Indonesia’s justice minister has responded to mounting criticism over the early release of Pollycarpus Budihari Priyanto, the murderer of prominent human rights advocate Munir Said Thalib.
By Jakarta Globe on 06:07 pm Dec 01, 2014
Jakarta. Indonesia’s justice minister has responded to mounting criticism over the early release of Pollycarpus Budihari Priyanto, the murderer of prominent human rights advocate Munir Said Thalib.
“We have to be able to respect the rights of all inmates regardless of the criticisms,” the minister, Yasonna H. Laoly, told Detik.com on Monday.
Pollycarpus was released on parole from Sukamiskin Penitentiary in Bandung on Friday after serving eight years of a 14-year sentence for the deadly poisoning of Munir in 2004.
Yasonna, who signed the parole document after agreeing to Pollycarpus’s release, said every inmate who had served two-thirds of their conviction was eligible for parole.
The parole decision has led to a storm of criticism from human rights groups, who say it undermines President Joko Widodo’s talk of human rights protection while on the campaign trail.
Yasonna, however, tried to distance himself and his office from the decision on Monday, saying the Justice Ministry was only responsible for upholding the law and ensuring inmates’ rights were respected.
“It’s not our ministry that must act harshly; it should have been started at the court,” he said. “We are only authorized to determine whether or not an inmate deserves to have a sentence cut or be released on parole. Please do not force us to break the rules.”
However, he left the door open to a review of the decision, which has been demanded by human rights activists.
“If there was something wrong with it [the decision] of course we will revisit the release, and I am open to criticism,” Yasonna said.
Rights groups have lined up to condemn the government over Pollycarpus’s release, with some suggesting that Munir’s case be looked at again.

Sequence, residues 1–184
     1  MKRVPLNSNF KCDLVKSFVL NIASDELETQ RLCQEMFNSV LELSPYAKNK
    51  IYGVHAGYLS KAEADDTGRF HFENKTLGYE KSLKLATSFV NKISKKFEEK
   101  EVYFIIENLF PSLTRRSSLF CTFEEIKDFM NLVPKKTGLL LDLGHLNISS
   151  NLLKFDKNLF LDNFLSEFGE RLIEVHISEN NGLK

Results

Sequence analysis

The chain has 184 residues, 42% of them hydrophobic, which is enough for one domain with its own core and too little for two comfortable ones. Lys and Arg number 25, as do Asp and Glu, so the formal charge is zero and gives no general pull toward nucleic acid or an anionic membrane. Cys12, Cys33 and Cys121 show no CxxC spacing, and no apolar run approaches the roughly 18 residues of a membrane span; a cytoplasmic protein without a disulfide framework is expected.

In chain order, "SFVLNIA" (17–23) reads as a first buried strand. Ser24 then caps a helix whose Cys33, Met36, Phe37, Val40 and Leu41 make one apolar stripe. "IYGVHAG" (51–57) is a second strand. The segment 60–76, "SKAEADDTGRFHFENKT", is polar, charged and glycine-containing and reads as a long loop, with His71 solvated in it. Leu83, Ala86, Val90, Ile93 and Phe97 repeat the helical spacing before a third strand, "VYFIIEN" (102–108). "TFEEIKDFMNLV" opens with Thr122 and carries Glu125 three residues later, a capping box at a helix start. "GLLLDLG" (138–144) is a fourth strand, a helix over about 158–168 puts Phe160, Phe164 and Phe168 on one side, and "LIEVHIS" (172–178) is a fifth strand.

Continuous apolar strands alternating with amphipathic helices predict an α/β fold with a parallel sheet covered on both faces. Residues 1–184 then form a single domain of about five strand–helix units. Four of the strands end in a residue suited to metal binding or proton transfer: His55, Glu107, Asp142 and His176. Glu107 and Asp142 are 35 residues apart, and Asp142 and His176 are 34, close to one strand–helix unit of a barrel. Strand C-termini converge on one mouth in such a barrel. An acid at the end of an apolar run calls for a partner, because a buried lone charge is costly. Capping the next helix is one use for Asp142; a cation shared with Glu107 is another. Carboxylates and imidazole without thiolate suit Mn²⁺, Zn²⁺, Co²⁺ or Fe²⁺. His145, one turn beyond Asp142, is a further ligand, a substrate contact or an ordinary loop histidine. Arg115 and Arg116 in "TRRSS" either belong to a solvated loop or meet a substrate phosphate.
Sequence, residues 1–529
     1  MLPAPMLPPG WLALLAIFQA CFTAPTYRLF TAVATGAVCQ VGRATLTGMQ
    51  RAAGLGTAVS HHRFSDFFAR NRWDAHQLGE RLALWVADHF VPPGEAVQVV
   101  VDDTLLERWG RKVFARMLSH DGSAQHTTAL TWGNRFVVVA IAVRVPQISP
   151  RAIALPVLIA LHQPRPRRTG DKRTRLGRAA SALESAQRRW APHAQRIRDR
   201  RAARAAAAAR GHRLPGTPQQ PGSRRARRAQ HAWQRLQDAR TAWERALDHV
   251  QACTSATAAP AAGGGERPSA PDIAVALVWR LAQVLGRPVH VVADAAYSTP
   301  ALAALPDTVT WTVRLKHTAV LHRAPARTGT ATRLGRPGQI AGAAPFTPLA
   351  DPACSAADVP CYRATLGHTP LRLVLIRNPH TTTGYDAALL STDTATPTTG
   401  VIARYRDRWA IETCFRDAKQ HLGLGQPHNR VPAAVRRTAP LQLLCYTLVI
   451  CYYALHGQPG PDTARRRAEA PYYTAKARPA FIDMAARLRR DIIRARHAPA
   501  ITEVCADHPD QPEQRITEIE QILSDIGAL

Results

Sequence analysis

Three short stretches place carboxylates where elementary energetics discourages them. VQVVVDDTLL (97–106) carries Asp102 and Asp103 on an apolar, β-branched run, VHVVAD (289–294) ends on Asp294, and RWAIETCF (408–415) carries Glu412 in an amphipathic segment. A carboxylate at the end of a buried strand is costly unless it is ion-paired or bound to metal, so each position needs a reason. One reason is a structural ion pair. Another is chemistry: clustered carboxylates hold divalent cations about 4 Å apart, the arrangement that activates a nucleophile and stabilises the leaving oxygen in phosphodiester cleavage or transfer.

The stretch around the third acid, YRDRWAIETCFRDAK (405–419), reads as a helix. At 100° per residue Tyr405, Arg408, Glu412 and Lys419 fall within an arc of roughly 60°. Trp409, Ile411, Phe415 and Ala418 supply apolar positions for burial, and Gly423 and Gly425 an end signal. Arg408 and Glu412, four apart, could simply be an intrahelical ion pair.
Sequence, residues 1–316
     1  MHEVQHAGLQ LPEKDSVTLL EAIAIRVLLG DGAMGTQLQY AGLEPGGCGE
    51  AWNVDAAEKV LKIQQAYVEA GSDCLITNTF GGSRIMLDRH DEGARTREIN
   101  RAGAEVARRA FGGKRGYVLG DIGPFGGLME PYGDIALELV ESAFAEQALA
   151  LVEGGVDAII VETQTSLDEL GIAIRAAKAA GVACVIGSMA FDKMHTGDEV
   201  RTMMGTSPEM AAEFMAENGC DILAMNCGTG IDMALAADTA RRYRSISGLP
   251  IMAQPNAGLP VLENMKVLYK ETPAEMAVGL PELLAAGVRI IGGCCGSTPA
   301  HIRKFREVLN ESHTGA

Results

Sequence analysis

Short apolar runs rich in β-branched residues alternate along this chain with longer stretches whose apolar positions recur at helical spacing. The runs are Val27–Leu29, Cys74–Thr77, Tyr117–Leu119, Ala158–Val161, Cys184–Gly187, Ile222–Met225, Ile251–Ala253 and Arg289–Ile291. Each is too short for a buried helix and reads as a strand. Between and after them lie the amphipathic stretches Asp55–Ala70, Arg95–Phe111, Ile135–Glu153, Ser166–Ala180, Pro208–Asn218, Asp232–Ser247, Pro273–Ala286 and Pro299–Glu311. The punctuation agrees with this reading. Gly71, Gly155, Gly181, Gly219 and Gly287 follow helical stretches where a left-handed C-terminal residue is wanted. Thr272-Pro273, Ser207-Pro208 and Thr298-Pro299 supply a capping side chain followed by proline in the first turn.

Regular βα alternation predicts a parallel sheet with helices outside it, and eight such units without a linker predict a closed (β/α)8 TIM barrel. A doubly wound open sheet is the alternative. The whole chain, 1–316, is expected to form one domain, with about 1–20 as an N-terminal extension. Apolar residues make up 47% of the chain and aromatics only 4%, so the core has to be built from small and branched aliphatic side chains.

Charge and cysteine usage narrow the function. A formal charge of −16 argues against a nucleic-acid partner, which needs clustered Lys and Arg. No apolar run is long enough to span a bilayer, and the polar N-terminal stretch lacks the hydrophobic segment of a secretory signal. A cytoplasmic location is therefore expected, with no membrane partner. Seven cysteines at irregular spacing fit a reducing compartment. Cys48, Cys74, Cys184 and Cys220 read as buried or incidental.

The activist’s life came to a painful end on Sept. 7, 2004, on board a flight from Jakarta to Amsterdam.
Former Garuda Indonesia pilot Pollycarpus was seated next to Munir on the flight, which included a stop in Singapore to refuel and take on more passengers. Pollycarpus was seen offering Munir a coffee at Singapore’s Changi International Airport. A court later found that the drink had been spiked with arsenic.
Munir reboarded the plane on to Amsterdam while Pollycarpus remained in Singapore. The activist and staunch critic of the Indonesian government and military died in agony before the plane landed in the Netherlands.
Pollycarpus was sentenced to 20 years in prison for the murder but given 14 on appeal. He applied for early release in November 2012 but it was not granted because he had applied for a case review at the same time.
Febi Yonesta, the director of the Jakarta Legal Aid Foundation (LBH Jakarta), said Pollycarpus did not deserve parole as he had consistently refused to reveal the alleged mastermind behind the murder — speculated to be from the ranks of the National Intelligence Agency (BIN).
Muhammad Isnur, another lawyer at LBH Jakarta, said the release had hurt the public’s and the country’s sense of justice.
“During the verdict of the appeal in Pollycarpus’s case, the judges stated that Pollycarpus’s crime was inhumane and had humiliated Indonesia at an international level,” Muhammad said.